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Old 12-01-2018, 05:42   #6
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Re: CO detectors -- UL2034 and "the applicable sections pertaining ..."

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Originally Posted by sailingharry View Post
I think Jammer may be have been right at one time. But like precautions against storing batteries on concrete (a myth left over from when batteries were made of creosoted wood!), I don't think that is the case anymore. Even household units use time-weighted-averaging to minimize false alarms.
It is true that household CO detectors use time-weighted averages. I believe the marine ones do as well. The difference is in the thresholds.

Residential detectors compliant with UL 985 do not alarm under 30 ppm. The thresholds are 70ppm, 150ppm, and 400ppm, with time ranges from 4 hours down to 4 minutes.

My understanding is that marine units will not alarm below 400 ppm. The purpose is to avoid false alarms in the marine environment. It is unclear to me whether this is a solution to a real problem that actually exists, or the outcome of a lobbying effort by the manufacturers of marine products.

Some searching shows that there are some other co detectors available that comply with the marine standards, but they are hard wire 12v units.
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Old 12-01-2018, 06:32   #7
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Re: CO detectors -- UL2034 and "the applicable sections pertaining ..."

UL 985 is smoke detectors, not CO detectors. 2034 covers all residential, RV, and marine CO detectors.

You mention levels with a fair degree of authority -- like you may even know of what you speak! Do you have any references for those levels? It would be interesting to see those numbers in a formal document. That information is a closely guarded secret!
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Old 12-01-2018, 06:43   #8
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Re: CO detectors -- UL2034 and "the applicable sections pertaining ..."

We use a CO detector on our boat (UL 2034) with a detection limit of 150 ppm and after several years we have never had a false alarm. In comparison, I've seen/heard several "boat" CO detectors going off when nothing is running and the owners tend to ignore them after a while.

From the literature for the UL 2034, these detectors are appropriate for use in recreational boats.
1 Scope

1.1 These requirements cover electrically operated single and multiple station carbon monoxide (CO) alarms intended for protection in ordinary indoor locations of dwelling units, including recreational vehicles, mobile homes, and recreational boats with enclosed accommodation spaces and cockpit areas.
1.2 Carbon monoxide alarms covered by these requirements are intended to respond to the presence of carbon monoxide from sources such as, but not limited to, exhaust from internal-combustion engines, abnormal operation of fuel-fired appliances, and fireplaces.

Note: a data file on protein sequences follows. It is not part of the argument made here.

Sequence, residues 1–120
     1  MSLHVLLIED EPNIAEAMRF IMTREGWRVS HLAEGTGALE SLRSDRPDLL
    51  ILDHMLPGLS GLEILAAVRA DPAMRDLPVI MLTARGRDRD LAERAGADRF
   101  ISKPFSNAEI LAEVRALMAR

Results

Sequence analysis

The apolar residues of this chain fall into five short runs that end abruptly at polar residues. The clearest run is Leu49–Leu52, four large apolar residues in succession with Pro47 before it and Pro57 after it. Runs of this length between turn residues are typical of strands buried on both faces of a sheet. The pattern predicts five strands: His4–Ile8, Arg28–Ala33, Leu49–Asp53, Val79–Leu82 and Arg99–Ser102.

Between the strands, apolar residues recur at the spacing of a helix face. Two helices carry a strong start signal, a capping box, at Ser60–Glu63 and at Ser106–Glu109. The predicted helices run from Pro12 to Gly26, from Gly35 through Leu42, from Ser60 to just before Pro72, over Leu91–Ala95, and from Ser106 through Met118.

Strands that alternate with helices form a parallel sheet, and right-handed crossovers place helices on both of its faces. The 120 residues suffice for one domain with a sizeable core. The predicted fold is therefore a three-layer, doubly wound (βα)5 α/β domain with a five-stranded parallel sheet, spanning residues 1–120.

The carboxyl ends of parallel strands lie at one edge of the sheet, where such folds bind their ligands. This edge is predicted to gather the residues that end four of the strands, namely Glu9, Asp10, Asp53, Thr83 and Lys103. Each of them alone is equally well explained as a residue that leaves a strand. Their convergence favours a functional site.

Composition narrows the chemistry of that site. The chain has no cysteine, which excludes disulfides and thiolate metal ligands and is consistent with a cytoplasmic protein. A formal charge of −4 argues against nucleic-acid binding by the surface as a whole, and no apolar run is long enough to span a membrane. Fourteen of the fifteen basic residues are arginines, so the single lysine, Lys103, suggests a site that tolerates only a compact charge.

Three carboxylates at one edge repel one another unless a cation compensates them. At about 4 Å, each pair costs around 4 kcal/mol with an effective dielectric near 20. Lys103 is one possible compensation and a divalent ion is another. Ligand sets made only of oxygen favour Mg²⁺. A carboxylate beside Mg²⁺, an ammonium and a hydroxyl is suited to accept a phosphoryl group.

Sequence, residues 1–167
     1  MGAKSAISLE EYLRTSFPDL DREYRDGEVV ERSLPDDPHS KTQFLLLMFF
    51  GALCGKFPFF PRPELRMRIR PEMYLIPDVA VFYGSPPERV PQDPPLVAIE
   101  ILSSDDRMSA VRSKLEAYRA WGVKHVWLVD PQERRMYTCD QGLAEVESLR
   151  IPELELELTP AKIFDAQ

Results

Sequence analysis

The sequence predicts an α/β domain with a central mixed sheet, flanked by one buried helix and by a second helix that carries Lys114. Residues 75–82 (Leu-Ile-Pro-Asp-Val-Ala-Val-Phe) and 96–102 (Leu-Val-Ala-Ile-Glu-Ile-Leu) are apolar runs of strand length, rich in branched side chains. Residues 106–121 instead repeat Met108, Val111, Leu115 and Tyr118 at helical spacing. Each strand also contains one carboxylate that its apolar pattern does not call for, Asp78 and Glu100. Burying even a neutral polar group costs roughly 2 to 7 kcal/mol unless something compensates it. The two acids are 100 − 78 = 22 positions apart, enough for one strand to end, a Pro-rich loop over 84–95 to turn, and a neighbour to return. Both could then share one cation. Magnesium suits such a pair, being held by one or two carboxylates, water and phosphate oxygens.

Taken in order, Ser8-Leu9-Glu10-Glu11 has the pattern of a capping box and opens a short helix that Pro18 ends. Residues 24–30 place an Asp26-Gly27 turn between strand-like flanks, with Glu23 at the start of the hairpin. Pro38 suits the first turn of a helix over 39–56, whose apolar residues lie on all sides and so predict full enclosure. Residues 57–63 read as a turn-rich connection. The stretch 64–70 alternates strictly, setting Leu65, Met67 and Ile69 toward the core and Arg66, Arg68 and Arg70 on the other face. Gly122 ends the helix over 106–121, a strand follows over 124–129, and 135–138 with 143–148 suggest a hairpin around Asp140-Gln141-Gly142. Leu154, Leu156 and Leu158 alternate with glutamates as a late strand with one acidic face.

We did research before we purchased our First Alert CO detector (model CO1210) knowing the hazards of CO and felt this was an appropriate detector based on its application scope. The sensitivity of these detectors are more than a typical "boat" detector (150 vs. 400ppm (from above level of 400 ppm) and yet to date we have had no false alarms. As a scientist, in general it's probably better to have false positives in tests (in this case an alarm sounding) vs. not working when there really are hazardous levels of CO present. When the false positives become too frequent, then the detector becomes useless for most as it's typically ignored.

So even if they do pass legislation, I'll be happy to take them court if we get a citation for not having "the correct" CO detector on board.

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Old 12-01-2018, 07:56   #9
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Re: CO detectors -- UL2034 and "the applicable sections pertaining ..."

UNDERWRITERS LABORATORIES INC. UL2034
1 Scope 1.1 These requirements cover electrically operated single and multiple station carbon monoxide (CO) alarms intended for protection in ordinary indoor locations of dwelling units, including recreational vehicles, mobile homes, and recreational boats with enclosed accommodation spaces and cockpit areas...
From ➥ https://standardscatalog.ul.com/stan.../standard_2034

WHAT LEVELS OF CO CAUSE AN ALARM?
Underwriters Laboratories Inc. Standard UL2034 requires residential CO Alarms to sound when exposed to levels of CO and exposure times as described below. They are measured in parts per million (ppm) of CO over time (in minutes). UL2034 Required Alarm Points*:

- If the Alarm is exposed to 400 ppm of CO, IT MUST ALARM BETWEEN 4 and 15 MINUTES
- If the Alarm is exposed to 150 ppm of CO, IT MUST ALARM BETWEEN 10 and 50 MINUTES.
= If the Alarm is exposed to 70 ppm of CO, IT MUST ALARM BETWEEN 60 and 240 MINUTES.

From ➥ What Levels of CO Cause an Alarm

Similarly

Carbon monoxide levels that will set off your alarm
Carbon Monoxide Level Alarm Response Time
40 PPM 10 hours
50 PPM 8 hours
70 PPM 1 to 4 hours
150 PPM 10 to 50 minutes
400 PPM 4 to 15 minutes